You have a great website!
My wife and I have won two Emmys for sound on the show “24″ on Fox using sun power, hehe That’s a first I’m sure!
We have been off the grid for 13 years and just recently upgraded to a Xantrex 5500 watt inverter and a 25kw Guardian generator.
My question is can I take one leg of the 220v (120) to power my washer and propane dryer and one leg (120) to power my new inverter – charger?
Due to the writers strike in my biz I will have the time to tinker with the new gear.
First, my wife and I are 24 fanatics and have all of the past seasons on DVD. We also live almost off-grid in a solar home, air conditioning required here all summer and we use grid power for that. Most everything else is on solar since 1994.
If you just upgraded to a SW5548, I am sure you think you have died and gone to heaven, although if you had waited for the new Xantrex XW6048, it has 240VAC output and you would not need to split generator output.
You have a problem related to your generator that you need to consider. Not to bad-mouth any generator brand, but most of the generators like the brand and model you selected are designed for true “stand-by” service while still connected to the utility grid. Most are shorter life 3600 RPM, and most have a very complex diagnostics control package and battery charger circuit which operate 24 hours per day. This constant drain of electrical power is of no concern when they are connected to the utility grid, but this is a really big deal when battery-powered and no grid. Also, most high speed 3600 RPM generators are only designed to operate a few hours per year, and at most for only a power outage lasting 1 to 3 days. However, when used in an off-grid application, most dealers will void the warranty because they will have a very short lifespan when operated every few days throughout the year. If you have a large solar system and this generator will only be called upon to run a few hours each month during bad weather and no sun, then you should be OK, otherwise, expect lots of service calls and an engine over-haul every year or two. A good match for your inverter would be more like a 12 or 15 kW Kohler or other lower speed 1800 RPM generator, which are designed for this type service.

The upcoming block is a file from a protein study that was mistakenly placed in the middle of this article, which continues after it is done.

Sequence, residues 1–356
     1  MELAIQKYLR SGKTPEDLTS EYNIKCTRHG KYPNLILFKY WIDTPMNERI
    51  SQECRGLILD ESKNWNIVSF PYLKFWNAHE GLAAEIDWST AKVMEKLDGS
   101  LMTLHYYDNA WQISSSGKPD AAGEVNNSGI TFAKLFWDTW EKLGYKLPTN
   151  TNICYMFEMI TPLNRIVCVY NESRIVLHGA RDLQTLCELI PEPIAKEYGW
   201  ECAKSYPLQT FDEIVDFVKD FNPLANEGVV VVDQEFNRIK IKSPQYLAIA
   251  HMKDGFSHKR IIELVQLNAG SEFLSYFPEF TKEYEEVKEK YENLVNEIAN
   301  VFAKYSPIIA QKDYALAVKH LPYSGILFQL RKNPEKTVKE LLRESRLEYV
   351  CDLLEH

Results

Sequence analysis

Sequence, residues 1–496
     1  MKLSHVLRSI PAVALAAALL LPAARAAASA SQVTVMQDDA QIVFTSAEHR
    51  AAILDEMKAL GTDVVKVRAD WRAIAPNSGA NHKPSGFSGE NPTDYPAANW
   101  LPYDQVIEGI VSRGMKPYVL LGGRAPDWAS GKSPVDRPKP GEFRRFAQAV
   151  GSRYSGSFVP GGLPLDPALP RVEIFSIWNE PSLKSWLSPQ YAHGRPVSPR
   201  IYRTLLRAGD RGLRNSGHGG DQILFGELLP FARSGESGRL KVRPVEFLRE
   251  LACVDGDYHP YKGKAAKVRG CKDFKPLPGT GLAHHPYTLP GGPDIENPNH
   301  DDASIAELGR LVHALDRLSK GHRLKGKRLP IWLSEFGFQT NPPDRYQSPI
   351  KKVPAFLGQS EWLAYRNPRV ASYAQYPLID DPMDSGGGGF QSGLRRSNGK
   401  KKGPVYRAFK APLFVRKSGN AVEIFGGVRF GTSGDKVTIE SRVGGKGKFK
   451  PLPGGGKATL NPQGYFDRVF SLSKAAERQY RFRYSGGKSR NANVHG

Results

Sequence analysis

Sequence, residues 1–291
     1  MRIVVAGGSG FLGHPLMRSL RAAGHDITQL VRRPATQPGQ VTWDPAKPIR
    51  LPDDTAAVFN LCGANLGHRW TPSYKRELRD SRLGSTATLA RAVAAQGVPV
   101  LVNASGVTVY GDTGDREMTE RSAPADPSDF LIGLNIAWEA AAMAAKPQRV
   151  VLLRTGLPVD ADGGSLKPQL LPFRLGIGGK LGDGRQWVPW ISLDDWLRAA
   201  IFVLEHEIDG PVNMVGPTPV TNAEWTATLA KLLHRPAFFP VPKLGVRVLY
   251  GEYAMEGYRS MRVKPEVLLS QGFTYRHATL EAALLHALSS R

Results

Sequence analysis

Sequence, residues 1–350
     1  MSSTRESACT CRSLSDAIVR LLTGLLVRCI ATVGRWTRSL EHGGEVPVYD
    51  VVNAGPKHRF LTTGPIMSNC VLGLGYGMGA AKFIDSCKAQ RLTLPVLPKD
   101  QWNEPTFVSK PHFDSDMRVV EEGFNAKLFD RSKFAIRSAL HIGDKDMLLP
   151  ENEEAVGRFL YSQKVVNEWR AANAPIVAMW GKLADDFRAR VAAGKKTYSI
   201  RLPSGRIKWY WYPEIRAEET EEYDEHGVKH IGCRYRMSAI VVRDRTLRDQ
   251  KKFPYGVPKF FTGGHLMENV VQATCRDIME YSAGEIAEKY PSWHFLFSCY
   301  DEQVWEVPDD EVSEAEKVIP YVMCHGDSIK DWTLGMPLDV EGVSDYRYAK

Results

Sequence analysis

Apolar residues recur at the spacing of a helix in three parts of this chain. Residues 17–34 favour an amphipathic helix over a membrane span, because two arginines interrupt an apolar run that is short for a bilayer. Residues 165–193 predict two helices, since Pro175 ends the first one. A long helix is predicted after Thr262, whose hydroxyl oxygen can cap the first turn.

Now to your question. Yes, you can connect one leg of the generator to the inverter and the other to your washer and dryer without a problem, but here is the best way to do this. Install a standard 120/240 VAC circuit breaker panel. The “main” breaker should be 100 amp, which is less than the 104 amp rating (at 240 VAC)for this model generator. In this panel install a 60 amp single pole breaker to feed the 120 VAC inverter input. Then install other breakers to supply your large loads that will only operate when the generator is running like your washer and dryer. I assume your well pump is 120 VAC, otherwise, unless you add a 120/240 VAC transformer, any 240 VAC well pump will only operate when the generator is operating.
Final note – look at the buss bars in the circuit breaker panel. Your generator will be connected to the “L1″ and “L2″ buss bars, and the neutral buss bars, all near the top of this panel. This means connecting anything to only “L1″ and neutral, or “L2″ and neutral will provide 120 VAC, and anything connected to both “L1″ and “L2″ will provide 240 VAC from the generator. However, if you look and the buss bar arrangement, they alternate left and right down the panel, so for you to achieve the desired load balance on the generator, you need to make sure the circuit breaker supplying the inverter is attached to a different buss bar from the circuit breakers that will be connected to the other loads. This means you will either have them opposite each other left and right, or will need to “skip” a space as you go down the panel. Hope that makes sense.